A rug of a type sometimes ascribed to the Taimuri (Timuri, Tiemuri) tribe. Ian Bennett places it in the Torbat-i Jam area (I mean this particular rug, not the type). Given the many contradicting statements regarding Baluch attribution, I intend to keep a low profile and venture no specific claim. Just pointers: merely going by the type of border and accepting Jerry Anderson's attributions in T. Cole's interview "From the Horses Mouth", one would think of the 'Jehan Begi' tribe (compare fig. 6 and 7 in the article, which you can google by its title); structurally, however, looking at the technical analyses in the picture legends, it conforms more to the Salar Khani rug, north Sistan, in figure 2, with its non-depressed weave and its 6-cable selvages.
What is clear is that the rug is very pretty; of good age (second half of 19th c.); in decent condition except for the heavily corroded dark brown (a common feature in old Baluch rugs); and showing a very well executed diagonal endless repeat design of blossoms with eight-pointed stars in the centre which radiate outwards into latch hooks that together describe an octagonal shape. Fitting neatly into the negative space where horizontally neighbouring octagons meet, we find a characteristic (unusual?) double fork motive which may provide an additional clue for the attribution—if anyone wants to come forward, I would be happy to extend this description.
The rug has a spacious and pretty meander border which is not at all uncommon in old Baluch-type rugs, with an angular vine bearing three white blossoms alternating with a geometric motive based on a diagonals-only figure composed of a vertical row of three diamonds diamonds and latch hook extensions (according to some derived from flat-weave structural necessities, according to others of deep totemic significance). To both sides of the main border we find simple secondary borders: the first a geometric motive alternating blue diagonal stripes (which I tend to read as a Z-shape) and an opposite diagonal composed of three small squares; the second a simple meander showing a gabled leaf form cycling through blue, light brown and dark brown.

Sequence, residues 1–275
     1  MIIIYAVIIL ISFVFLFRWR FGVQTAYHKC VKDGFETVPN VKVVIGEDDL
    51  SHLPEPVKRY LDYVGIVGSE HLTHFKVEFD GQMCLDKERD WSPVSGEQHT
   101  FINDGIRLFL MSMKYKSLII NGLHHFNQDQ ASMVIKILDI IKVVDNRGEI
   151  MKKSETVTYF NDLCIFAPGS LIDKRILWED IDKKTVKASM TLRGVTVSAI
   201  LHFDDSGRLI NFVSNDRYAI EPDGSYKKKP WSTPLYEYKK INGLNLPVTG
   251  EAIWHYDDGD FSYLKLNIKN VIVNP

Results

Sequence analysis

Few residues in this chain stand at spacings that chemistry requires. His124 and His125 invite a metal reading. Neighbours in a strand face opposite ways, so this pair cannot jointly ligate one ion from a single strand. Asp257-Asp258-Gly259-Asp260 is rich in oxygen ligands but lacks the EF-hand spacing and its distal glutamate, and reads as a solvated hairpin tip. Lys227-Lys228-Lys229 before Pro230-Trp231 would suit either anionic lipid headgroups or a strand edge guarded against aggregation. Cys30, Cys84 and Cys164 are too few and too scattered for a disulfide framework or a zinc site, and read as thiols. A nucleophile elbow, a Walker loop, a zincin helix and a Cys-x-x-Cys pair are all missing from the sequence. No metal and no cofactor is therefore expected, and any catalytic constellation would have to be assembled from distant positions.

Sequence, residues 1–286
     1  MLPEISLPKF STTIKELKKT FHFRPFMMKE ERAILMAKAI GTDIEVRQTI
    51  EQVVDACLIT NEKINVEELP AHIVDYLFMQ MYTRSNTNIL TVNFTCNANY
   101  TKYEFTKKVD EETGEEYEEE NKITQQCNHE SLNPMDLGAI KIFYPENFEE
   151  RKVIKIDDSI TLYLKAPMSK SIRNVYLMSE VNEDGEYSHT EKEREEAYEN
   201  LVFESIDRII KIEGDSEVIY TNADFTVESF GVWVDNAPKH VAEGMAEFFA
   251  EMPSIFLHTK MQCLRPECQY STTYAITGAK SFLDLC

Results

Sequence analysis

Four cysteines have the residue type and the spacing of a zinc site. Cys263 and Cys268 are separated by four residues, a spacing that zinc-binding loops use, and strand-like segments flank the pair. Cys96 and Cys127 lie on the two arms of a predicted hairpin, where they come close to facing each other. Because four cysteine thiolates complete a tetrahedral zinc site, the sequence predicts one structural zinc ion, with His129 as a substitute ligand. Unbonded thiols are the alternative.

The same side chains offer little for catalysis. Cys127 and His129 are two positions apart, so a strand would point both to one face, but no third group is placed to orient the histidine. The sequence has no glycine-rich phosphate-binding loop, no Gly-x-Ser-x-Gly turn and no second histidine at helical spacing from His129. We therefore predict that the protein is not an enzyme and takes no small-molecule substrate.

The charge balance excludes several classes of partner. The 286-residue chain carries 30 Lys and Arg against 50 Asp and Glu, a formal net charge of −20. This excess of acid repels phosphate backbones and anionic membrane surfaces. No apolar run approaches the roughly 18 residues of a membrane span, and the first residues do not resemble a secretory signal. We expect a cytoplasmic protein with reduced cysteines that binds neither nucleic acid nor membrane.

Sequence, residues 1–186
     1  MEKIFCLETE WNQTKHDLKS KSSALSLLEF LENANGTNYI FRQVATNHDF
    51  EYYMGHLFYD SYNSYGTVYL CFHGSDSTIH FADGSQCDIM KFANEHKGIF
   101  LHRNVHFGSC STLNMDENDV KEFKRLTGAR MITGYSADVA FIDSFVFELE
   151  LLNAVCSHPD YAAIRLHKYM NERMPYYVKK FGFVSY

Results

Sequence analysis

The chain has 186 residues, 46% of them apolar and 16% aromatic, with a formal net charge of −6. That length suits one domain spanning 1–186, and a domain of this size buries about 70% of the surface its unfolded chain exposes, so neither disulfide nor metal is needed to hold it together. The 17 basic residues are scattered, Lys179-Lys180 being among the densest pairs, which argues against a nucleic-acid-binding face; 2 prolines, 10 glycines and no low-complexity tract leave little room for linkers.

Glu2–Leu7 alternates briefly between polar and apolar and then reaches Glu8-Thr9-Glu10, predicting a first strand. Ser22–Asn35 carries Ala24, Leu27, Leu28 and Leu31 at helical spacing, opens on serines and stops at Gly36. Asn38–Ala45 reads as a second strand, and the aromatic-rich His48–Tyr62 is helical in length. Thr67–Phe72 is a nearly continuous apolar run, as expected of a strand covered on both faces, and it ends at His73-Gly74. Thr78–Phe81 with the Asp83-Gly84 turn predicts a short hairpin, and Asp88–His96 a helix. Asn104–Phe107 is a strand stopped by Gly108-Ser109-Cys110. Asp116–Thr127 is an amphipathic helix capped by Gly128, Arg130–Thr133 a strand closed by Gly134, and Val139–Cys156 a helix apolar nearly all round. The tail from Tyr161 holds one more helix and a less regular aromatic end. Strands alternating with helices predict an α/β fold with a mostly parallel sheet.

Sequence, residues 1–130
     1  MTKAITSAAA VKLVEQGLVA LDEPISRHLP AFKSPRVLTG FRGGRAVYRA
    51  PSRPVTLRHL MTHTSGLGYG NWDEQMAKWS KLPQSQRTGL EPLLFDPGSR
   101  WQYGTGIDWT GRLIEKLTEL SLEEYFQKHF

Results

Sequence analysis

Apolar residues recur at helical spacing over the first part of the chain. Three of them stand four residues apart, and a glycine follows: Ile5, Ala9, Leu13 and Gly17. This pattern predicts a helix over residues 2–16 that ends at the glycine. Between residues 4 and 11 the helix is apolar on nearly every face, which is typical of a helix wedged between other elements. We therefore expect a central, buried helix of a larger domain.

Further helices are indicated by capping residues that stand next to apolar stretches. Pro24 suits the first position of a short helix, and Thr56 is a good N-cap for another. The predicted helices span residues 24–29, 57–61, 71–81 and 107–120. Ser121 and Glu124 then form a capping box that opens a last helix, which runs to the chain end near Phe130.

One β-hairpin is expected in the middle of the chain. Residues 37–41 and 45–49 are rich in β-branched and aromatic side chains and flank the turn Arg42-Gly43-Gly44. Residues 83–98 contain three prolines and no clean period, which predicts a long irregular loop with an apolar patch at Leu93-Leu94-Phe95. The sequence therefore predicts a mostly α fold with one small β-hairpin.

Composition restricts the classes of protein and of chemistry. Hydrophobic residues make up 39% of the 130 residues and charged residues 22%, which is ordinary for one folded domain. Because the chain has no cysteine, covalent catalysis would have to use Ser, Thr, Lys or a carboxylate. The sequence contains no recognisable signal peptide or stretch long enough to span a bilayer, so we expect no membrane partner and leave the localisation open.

The rug measures 6ft.10in. x 3ft.6in. (208x 107 cm). Non-depressed warps, knotting is asymmetric open to the left. Knots per inch ca. 10.v, 8.h = 80kpsi. Off white wool warps, 2 wool weft shoots mostly in olive brown, some in lighter brown. Selvages have six thin cords, the two outer ones seem thicker. The handle is leathery, quite flexible, more so horizontally (i.e. when building folds running vertically) then vertically. There are remnants of about 1 1/2 inch of end kilims with a diagonal stripe pattern, somewhat fraying, more so at the bottom, should be secured with a few stitches.
Typically for Baluch-type rugs, we find a small palette of gorgeous dyes in which red and blue dominate, accompanied by a purple-brown, a dark brown (corroded in many places with a few horizontal bands where it is intact, i.e. where a less corrosive mordant must have been used) and a corrosive lighter olive brown used uniformly in place of darker brown in some areas of the rug. Then there is off-white used sparingly for highlights. Especially nice in this rug is the deeply saturated and abrashed indigo ground, which is night blue in the bottom area and changes to a brilliant medium blue above the centre, a range of blue that seems to glow by virtue of contrast with the darker hue below and above. The red blossoms in particular seem to float on it. The saturated brick-red madder of the border system frames the blue field, which optically recedes as its carefully executed repeat design seems to continue behind it.
The corrosion on the brown pile has been described and can be seen in the images. The pile is short (always was) with slightly more wear on the right side and in the centre, where the corroded brown leads to an embossed effect. Some re-wrapping of the outer selvage cords (one, two or three in some areas) with dark brown wool (not a very old repair). At the top on the back side, the rug has three light blue remnants of some glue or sticky patch at left, right and centre, probably from wall mounting, each spot about 1.5 inches in diameter. Apart from that the rug has no holes or other problems I could spot, and does not seem dirty (but has not been washed recently).